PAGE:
July 3, 2010
As always SocGen’s Dylan Grice comes out with some tremendous insights in his latest weekly piece “Double dips, siren calls and inflationary bias of policy.” While the gist of the piece is presenting a comprehensive overview of the traditional and cognitive biases toward inflationary policies and away from hard, unpopular, deflationary/austere measures, Dylan provides a chilling anecdote involving the 1980s conflict between the UK and Argentina, in which it was precisely war that pulled an extremely unpopular government, that of Maggie Thatcher, out of the gutter of public opinion, and soaring in popularity. Thatcher, who came to power oddly enough on a “mandate to smash inflation, smash the unions and downsize government”, saw her popularity immediately slide to 25% (see chart) as people realized the very real pain associated with austerity and a regime fighting run away government. A tangent in Grice’s argument is that on very rare occasions, the people of a country do end up making the decision to take on hardship, instead of kicking the can down the road (are you listening Summers?). Yet they promptly grow to regret their decision. So what was it that saved the government, and allowed the Conservatives a second term in which to complete the painful austerity project? The declaration of war by Argentina’s General Galtieri over the Falkland Islands. The result was soaring popularity for the Iron Lady, and the rest is history. Looking forward, now that all of Europe is gripped in austerity, and make no mistake – this very same austerity is coming to the US on very short notice (sorry Krugman), and popularity ratings for all political parties are crashing, has the political G-8/20 elite been focused a little too much on the Falkland war? Is war precisely the diversion that Europe and soon America hope to use in order to deflect anger from policies such as Schwarzenegger’s imposition of minimum wage salaries yesterday (yes, this is pure austerity)? And is there a Gallup or some other polling “unpopularity” threshold that the G-20 is waiting for before letting all those aircraft carriers parked next to the Persian Guld loose? Read the below excerpt from Dylan and make up your own minds.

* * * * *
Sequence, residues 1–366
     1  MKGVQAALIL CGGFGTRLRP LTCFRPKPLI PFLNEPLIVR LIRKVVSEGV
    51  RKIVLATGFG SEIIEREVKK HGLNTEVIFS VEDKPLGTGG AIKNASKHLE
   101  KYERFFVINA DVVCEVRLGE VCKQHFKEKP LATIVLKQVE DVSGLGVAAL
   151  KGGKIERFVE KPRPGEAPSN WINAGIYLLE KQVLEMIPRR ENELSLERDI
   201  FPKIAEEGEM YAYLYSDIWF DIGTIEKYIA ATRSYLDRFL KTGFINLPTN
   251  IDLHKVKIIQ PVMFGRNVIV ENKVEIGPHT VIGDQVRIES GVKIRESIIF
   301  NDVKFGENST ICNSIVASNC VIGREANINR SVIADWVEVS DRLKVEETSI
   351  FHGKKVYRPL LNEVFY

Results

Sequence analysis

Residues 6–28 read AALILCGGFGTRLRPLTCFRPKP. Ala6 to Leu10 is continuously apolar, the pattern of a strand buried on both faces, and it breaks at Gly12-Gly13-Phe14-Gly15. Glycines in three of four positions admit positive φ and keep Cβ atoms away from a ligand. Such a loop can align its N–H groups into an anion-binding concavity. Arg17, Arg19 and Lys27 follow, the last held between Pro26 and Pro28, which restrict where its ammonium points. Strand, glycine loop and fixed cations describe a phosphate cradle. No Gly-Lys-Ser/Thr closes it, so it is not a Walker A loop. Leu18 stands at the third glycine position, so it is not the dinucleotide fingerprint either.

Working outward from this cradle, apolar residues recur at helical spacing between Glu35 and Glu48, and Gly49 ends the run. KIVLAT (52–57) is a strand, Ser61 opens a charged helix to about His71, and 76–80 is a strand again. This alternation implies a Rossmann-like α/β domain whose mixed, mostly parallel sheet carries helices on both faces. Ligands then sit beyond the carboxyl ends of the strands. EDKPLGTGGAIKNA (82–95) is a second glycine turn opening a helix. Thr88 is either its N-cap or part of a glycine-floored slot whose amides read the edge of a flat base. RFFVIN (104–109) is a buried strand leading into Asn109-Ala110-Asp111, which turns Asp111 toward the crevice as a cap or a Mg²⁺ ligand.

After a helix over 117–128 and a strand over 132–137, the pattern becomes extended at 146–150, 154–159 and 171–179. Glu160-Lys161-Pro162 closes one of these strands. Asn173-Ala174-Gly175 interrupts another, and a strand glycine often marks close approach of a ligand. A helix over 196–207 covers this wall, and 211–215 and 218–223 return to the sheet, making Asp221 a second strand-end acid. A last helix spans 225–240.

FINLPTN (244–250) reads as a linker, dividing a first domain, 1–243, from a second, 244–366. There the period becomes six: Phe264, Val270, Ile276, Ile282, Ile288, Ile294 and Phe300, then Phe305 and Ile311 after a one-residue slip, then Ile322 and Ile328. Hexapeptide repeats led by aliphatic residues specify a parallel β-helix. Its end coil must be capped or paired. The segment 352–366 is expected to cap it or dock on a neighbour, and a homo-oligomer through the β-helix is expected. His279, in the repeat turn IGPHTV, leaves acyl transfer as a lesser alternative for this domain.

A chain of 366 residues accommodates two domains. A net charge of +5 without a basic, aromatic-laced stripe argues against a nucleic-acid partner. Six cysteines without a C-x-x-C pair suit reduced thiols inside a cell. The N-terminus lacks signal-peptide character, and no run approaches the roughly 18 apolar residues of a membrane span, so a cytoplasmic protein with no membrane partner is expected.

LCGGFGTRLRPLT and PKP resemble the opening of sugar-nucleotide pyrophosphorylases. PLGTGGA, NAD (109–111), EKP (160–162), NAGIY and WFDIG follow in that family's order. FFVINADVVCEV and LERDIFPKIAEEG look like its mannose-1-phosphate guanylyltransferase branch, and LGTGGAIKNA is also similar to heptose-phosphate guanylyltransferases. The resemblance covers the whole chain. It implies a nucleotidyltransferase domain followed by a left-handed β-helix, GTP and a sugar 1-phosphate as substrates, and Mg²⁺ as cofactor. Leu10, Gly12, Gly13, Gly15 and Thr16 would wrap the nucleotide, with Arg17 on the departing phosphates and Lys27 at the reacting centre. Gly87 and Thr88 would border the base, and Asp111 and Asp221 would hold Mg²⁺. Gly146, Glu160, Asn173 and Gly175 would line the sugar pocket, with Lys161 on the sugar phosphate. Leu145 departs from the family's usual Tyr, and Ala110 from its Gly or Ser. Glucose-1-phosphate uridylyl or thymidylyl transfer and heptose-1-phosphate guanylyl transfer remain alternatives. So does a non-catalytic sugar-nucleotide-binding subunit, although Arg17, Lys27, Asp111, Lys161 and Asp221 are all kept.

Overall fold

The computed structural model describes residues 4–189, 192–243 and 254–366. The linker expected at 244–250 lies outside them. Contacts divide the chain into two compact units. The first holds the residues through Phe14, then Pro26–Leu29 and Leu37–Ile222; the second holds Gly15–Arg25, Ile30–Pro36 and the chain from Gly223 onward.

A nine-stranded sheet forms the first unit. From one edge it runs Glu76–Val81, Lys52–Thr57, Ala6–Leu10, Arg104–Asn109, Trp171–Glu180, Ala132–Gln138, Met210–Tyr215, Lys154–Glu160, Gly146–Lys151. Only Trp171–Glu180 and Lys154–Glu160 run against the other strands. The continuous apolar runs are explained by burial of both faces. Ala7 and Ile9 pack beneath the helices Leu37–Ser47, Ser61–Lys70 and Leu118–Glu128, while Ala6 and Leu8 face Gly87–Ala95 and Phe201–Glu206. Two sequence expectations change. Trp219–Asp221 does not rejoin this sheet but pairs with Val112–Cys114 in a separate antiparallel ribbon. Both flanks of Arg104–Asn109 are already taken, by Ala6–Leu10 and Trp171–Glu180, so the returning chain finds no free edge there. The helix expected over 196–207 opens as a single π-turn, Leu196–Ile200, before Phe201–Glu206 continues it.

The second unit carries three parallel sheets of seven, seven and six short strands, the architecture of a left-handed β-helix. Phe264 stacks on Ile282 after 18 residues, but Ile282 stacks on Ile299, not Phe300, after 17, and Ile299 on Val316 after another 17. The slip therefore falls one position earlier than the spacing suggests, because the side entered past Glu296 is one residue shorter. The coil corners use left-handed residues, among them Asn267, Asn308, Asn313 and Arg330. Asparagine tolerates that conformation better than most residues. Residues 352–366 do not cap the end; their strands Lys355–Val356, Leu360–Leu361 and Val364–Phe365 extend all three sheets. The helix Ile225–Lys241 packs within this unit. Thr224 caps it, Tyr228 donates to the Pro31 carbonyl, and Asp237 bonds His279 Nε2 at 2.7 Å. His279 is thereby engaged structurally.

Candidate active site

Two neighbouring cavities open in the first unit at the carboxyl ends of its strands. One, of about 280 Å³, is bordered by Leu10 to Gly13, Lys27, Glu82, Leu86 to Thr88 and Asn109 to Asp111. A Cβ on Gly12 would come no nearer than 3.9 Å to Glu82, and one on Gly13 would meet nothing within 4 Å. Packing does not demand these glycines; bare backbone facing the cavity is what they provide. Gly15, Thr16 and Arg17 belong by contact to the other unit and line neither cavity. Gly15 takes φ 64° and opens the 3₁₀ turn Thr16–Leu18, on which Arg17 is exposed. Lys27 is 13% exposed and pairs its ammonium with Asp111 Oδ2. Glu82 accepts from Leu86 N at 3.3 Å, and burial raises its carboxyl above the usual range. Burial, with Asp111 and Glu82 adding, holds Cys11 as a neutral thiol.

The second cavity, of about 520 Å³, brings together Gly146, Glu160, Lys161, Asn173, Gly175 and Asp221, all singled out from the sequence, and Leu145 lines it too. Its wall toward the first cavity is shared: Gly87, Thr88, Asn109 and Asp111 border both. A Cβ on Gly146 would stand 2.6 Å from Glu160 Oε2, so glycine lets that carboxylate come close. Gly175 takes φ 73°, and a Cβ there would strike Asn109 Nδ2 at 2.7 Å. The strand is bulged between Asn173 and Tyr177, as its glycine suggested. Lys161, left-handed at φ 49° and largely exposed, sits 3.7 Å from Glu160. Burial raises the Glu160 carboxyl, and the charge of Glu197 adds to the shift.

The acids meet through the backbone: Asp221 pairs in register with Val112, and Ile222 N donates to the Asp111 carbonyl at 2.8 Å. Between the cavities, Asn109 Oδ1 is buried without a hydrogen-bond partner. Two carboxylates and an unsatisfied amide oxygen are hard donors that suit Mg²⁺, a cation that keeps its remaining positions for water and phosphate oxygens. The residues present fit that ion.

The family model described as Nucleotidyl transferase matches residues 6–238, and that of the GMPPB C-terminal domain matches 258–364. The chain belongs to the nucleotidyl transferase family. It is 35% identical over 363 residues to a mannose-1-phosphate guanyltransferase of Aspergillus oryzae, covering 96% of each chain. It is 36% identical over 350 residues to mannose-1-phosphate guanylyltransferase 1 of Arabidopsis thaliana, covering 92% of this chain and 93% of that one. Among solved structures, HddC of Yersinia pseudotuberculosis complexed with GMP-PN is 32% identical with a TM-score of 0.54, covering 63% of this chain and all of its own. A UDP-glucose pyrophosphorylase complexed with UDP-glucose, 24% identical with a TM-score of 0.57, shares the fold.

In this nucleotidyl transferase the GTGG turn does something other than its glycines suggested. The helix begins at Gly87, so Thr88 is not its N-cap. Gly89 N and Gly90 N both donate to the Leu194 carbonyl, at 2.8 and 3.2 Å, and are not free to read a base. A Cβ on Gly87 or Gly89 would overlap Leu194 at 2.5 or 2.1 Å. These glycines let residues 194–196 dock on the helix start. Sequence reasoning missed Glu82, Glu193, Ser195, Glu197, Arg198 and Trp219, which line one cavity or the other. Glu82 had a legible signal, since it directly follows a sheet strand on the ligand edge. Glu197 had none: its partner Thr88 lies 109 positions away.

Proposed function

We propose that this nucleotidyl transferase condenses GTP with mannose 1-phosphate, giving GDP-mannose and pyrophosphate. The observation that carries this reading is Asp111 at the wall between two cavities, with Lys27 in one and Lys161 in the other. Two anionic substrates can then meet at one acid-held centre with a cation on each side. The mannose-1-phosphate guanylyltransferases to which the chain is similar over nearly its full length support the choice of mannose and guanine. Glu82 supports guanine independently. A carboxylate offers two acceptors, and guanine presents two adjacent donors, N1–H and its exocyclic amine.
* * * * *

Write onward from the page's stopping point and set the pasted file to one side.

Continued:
From SocGen’s Dylan Grice
How about the UK in the 1980s though? Wasn’t Thatcher elected in 1979 on the back of a promise to bring down inflation, smash the trade unions and downsize government? In other words, wasn’t Thatcher elected with a mandate for deflation, which demonstrates that sometimes electorates do elect governments to take tough decisions?
Strictly speaking, the UK in the early 1980s doesn’t belong in the same category as Canada, Sweden and Finland in the early 1990s. It had lurched between crises in the 1970s the way an all-day drunk lurches between lampposts: inflation peaked at 25% in 1975; the IMF were called in 1976; the bleak “winter of discontent” of 1978/79 saw widespread power cuts and widespread strike actions by, for example, rail engine drivers, lorry drivers and ambulance drivers.